I am enjoying watching Babylon 5. It reminds me of a time when sci-fi was a lot less grim dark, so it is a welcome break between episodes of The Expanse or Colony. But I had been under the impression that this show was written intensionally to be only five seasons long, and that this structure afforded it the chance to have a very particular arc to it. So far, I’m not seeing it, or the setup for one. But I don’t wish to judge it too quickly. Most shows don’t kick into their major arcs this early, or at least, they didn’t used to. Nowadays, with the speed at which cable channels cancel them, most shows have to perform insanely well from the beginning. Really, I appreciate the chance to just get to know the characters in the show, and find out about their backstories without some huge disaster hanging over them.

The Psi Core story continues to satisfy, and the last episode, Mind War, actually had Walter Koenig (aka Chekov from the original Star Trek) as one of the Psi Cops there in pursuit of a renegade telepath. There was an episode (The Parliament of Dreams) about cultural exchange, the main mission of the station, touching the main religious beliefs of each culture. Interestingly, though they had a similar issue that many sci-fi shows are accused of, that of presenting an alien race as a monolithic culture, they made it purposeful. Rather than presenting one main belief to represent humanity as the other alien races did, they had a chain of people representing as many beliefs as possible.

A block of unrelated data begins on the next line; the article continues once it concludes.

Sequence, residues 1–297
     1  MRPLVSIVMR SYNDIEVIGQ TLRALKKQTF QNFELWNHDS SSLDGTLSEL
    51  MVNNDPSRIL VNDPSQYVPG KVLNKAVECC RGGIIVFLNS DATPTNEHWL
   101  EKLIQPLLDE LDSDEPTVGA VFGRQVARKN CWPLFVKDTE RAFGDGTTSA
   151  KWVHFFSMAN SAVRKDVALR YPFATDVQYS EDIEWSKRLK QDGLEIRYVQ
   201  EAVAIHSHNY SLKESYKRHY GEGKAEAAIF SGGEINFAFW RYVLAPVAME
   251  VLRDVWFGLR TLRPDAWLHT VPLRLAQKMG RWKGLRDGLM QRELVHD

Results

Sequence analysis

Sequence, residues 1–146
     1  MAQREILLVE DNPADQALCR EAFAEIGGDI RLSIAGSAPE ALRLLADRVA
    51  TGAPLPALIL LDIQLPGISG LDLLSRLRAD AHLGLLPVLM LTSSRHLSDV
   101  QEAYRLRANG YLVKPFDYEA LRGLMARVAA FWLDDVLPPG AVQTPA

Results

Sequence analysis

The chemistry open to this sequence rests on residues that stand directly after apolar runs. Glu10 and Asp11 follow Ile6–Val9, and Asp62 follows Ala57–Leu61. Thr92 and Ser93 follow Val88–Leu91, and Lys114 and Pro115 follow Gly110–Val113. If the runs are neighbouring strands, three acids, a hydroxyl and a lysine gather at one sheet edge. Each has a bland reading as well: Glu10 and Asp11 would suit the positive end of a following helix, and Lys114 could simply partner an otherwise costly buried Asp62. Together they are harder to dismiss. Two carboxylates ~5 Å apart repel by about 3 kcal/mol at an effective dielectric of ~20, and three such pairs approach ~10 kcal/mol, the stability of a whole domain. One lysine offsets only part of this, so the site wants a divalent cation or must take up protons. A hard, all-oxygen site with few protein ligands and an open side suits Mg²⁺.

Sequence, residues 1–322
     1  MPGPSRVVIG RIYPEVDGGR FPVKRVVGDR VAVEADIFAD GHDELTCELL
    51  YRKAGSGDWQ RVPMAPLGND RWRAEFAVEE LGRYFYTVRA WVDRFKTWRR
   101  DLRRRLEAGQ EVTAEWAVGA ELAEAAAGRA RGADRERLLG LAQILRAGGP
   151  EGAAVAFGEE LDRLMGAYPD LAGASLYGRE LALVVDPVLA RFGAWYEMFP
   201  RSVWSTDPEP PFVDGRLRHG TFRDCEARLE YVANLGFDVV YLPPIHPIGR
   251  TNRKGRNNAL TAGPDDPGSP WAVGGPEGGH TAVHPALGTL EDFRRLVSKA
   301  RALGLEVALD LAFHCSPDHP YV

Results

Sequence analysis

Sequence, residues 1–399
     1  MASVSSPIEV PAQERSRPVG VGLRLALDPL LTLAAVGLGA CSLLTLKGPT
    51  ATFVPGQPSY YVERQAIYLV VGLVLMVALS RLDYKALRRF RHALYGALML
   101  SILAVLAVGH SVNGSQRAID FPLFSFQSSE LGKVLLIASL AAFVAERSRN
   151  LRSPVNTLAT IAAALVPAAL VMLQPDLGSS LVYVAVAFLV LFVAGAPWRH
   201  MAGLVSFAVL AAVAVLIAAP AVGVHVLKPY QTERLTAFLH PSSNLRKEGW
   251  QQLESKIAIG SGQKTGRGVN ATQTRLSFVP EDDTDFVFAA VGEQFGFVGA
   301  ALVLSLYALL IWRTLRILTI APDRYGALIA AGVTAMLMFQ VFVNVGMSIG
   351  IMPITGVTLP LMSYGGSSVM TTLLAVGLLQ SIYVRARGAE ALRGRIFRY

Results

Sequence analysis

There were soul eating aliens, a creature that was a cross between a Dalek and a Cyberman from a long dead civilization, and a slave girl plot that felt like it should have involved Orions.

So far, the show feels very much to me like the original seasons of Star Trek: The Next Generation. And I’m not seeing anything insanely original that makes it stand out above other sci-fi shows. Its interesting, so I mean to watch all of it. But so far it’s not hitting me as anything amazing.